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THE NOONER for November 20, 2012

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A few quick headlines and then below our sponsor message, let's look at how ballot measures fared relative to their final poll and my weighted polling averages.

Take note at this stat of Orange County's political shift [Larry Sabato's Crystal Ball]:

  • 1988: Bush 67.7%, Dukakis 31.1%
  • 2000: Bush 55.8%, Gore 40.4%
  • 2012: Romney 53.0%, Obama 44.8%

Los Angeles is expected to provide a vote update today after 1pm. Richard Bloom has a 291-vote lead over Betsy Butler in AD50.

If Bloom pulls it out, it will be a huge disappointment for the Assembly Democratic Caucus, which invested heavily for two of its "transferred" caucus members. Democratic party entities spent $436,764 on Betsy Butler and $836,514 on Michael Allen in AD10. In the general, labor groups independently spent $382,887 to oppose Bloom and $214,911 to support Butler. $306,189 to support Allen and $312,120 to oppose Marc Levine.

That's nearly $2.5 million on two safe Democratic seats. Some caucus members have offered some criticisms that a portion of that investment could have been spent in AD36, where Steve Fox came close to stealing a Republican district, or to give Cathleen Galgiani a better shot at the too-close-to-call SD05. Down the stretch, money was shifted from that San Joaquin-based district to Riverside, as Richard Roth was deemed to have a better chance. Clearly, in a race that could very well be decided by 100 votes or less, another hundred thousand into the ground campaign at the end would have been huge.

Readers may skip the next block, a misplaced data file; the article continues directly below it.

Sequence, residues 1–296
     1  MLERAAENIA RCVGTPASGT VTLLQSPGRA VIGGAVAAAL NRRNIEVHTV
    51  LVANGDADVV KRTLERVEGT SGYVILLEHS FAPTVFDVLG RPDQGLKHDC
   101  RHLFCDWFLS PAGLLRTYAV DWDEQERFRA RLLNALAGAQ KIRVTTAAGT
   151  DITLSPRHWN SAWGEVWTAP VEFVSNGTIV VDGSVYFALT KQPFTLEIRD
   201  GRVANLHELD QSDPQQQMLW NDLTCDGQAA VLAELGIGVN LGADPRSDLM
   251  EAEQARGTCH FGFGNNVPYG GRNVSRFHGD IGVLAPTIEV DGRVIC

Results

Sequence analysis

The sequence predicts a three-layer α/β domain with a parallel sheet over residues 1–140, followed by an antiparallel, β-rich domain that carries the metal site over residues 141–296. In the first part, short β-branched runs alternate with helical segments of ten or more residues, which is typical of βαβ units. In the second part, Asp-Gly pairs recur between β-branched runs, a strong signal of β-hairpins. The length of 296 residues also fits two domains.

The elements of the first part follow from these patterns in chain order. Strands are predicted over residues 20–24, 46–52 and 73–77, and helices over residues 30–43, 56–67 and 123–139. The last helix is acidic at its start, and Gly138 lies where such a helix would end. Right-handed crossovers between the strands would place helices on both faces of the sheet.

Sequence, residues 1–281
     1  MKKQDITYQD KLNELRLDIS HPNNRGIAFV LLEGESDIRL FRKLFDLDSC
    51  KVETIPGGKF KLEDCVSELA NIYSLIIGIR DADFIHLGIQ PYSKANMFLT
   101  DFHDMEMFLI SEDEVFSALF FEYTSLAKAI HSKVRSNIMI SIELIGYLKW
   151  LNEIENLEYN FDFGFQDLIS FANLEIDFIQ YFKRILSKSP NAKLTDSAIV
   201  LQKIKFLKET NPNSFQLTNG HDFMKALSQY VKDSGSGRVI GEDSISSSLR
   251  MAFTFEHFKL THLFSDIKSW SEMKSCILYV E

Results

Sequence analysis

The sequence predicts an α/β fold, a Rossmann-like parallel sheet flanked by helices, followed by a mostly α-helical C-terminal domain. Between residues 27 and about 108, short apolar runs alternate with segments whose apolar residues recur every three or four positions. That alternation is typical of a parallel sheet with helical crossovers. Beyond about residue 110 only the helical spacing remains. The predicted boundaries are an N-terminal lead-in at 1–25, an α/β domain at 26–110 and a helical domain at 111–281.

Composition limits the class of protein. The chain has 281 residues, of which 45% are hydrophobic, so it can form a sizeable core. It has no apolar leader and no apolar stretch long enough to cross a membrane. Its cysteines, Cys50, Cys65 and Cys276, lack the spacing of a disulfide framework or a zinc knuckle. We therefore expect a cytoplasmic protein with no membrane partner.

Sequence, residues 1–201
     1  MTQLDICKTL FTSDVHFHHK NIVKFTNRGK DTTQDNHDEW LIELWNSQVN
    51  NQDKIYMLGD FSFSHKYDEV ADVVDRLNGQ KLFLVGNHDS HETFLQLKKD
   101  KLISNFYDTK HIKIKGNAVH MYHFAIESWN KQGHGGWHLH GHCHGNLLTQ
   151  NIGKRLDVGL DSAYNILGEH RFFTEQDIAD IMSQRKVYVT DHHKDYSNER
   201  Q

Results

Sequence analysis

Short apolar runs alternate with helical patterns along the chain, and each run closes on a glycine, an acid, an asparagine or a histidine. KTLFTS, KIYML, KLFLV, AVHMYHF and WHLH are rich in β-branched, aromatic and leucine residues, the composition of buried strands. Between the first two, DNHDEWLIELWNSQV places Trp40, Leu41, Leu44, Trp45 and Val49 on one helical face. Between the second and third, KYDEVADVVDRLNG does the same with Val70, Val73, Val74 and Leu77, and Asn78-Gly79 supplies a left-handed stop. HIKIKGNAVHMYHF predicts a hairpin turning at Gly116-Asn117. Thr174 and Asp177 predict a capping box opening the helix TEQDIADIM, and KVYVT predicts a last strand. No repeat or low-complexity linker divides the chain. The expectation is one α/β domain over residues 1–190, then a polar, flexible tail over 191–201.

Speaker Perez did his job, but there's likely going to be future conversations in both parties about how to spend money in these top two races.

 

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I started reading Silver's "The Signal and the Noise" yesterday, and it should be mandatory reading for anyone who ever reads or quotes a poll. With so many polls way off on their likely voter models (Field was 12.5% 18-29, while LAT/USC's post-election poll found 20%, and Field pegged Latino turnout at 18.9% while LAT/USC had it at 22%).

Anyway, as you likely know, I was running polling averages on the statewide ballot measures starting in late September, which collected all of the public polling data (CBRT/Pepperdine, Field, LAT/USC Dornsife, PPIC, amd Reason/Rupe). The averages weighted polls by methodology (sample size, multilingual, interview method) and recency. I wanted to see if using a Nate Silver-like approach could tell us more than a snapshot poll. 

Here's how the ballot measure polling averages fared. I have listed the final pre-election poll, my final polling average number, and the actual results as of this morning. Of course not all ballots have been counted, but no measure should change significantly at this point. I have also included the share of undecideds that broke "yes," deviating from the conventional wisdom that most undecideds break "no." The bolded item in the final pre-election/polling average is the one closest to the current results.

 

 Measure Final Pre-election Poll
"Yes" 
Scott's Polling Average
"Yes" 
Actual Results as of 11/20 Share of Polling Average Undecideds Breaking "Yes"
Proposition 30 48.0% 48.6% 54.7% 43.3%
Proposition 31 37.8% 30.2% 39.4% 36.0%
Proposition 32 34.0% 40.2% 43.7% 21.6%
Proposition 33  48.8% 50.6% 45.1% -39.6%
Proposition 34  45.0% 43.4% 47.7% 25.4%
Proposition 35  76.5% 77.3% 81.3% 41.0%
Proposition 36  67.4% 68.8% 69.0% 2.3%
Proposition 37  39.1% 45.1% 47.7% 24.8%
Proposition 38  34.0% 36.6% 27.9% -51.5%
Proposition 39  54.5% 53.6% 60.7% 42.0%
Proposition 40  48.2% 47.0% 72.3% 93.6%

Final polls:

  • Field: Prop. 30, Prop. 32, Prop. 34, Prop. 38
  • CBRT: Prop. 31, Prop. 33, Prop. 35, Prop 36, Prop. 37, Prop. 39, Prop. 40

Let me be the first to say 5 out of 11 is no Nate Silver (although I would blame it on lack of data points).